If both HTTPd and Geronimo servers are in the same machine you can use localhost for the redirection, when the servers are located in different machines you would have to specify the URL for the Geronimo server.

As the result of this configuration, when you point your browser to http://locahost/console, the request will be redirected to http://localhost:8080/console. This option allows to re-route URLs and ports.

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Configure Apache HTTPd with Jakarta Tomcat Connector (mod_jk)

The communication between the HTTP server and Geronimo can be also done via AJP connectors. By default, both Apache Geronimo distributions (Jetty and Tomcat) have already predefined one AJP v13 listener, the ports where these listeners are defined varies from one distribution to the other.

  • For Jetty the default AJP13 listener port is 8019
  • For Tomcat the default AJP13 listener port is 8009

This section will cover the configuration for both Geronimo distributions as the steps are very similar (if not equal).

The Jakarta Tomcat Connector mod_jk module is provided as a connector from Apache Tomcat source, Jetty (and obviously Tomcat) is fully compatible with this connector. This module is avaiable when you download the Tomcat source, but also is available for download separately, refer to the following URL for the proper version for your system.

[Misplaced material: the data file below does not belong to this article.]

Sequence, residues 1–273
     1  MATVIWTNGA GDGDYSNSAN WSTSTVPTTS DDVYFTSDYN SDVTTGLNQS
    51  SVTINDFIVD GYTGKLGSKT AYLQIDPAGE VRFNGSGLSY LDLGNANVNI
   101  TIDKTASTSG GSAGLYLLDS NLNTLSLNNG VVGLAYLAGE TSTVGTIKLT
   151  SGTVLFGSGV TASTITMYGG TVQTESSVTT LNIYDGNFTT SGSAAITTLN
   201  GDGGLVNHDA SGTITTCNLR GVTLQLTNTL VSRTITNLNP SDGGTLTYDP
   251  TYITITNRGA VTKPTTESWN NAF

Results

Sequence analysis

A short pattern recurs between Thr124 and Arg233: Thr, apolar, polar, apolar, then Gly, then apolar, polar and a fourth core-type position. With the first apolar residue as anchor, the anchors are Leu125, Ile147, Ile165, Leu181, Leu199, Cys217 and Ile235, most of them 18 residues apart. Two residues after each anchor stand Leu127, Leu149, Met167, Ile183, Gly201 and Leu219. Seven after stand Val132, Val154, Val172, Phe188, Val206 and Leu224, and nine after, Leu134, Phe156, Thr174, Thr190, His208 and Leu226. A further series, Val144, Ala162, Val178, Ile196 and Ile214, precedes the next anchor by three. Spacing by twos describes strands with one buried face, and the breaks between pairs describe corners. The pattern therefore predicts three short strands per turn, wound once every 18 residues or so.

http://tomcat.apache.org/download-connectors.cgi

In addition to the mod_jk you will require the workers.properties file, also available with the Apache Tomcat source distribution. This properties file tells the mod_jk plugin how to connect to the Geronimo server. For a detailed explanation on all the available options for configuring the Jakarta Tomcat Connector visit the following URL:

http://tomcat.apache.org/connectors-doc/config/workers.html

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For practical purposes, the module mod_jk_1.2.6_2.0.50.dll for Windows and the workers.properties are included in the Attachments section in this article.

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Configure Apache HTTPd

Download the appropriate mod_jk for your platform from the Tomcat web site, rename it to mod_jk.dll (or .so depending on your platform) and copy it into the <httpd_home>\modules directory. Download and extract the workers.properties from the Apache Tomcat source (alternatively, download it from the Attachments section) to the <httpd_home>\conf directory.

Edit the httpd.conf file located in the <httpd_home>\conf directory to load the Jakarta Tomcat Connector mod_jk module. Add the following lines at the end of the httpd.conf file.

LoadModule jk_module modules/mod_jk.dll				
# Loads the Jakarta Tomcat Connector module

JkWorkersFile <httpd_home>\conf\workers.properties
# Tells the module the location of the workers.properties file

JkLogFile     <httpd_home>\logs\mod_jk.log
# Specifies the location for this module's specific log file

JkLogLevel    info
# Sets the module's log level to info

JkLogStampFormat "[%a %b %d %H:%M:%S %Y] "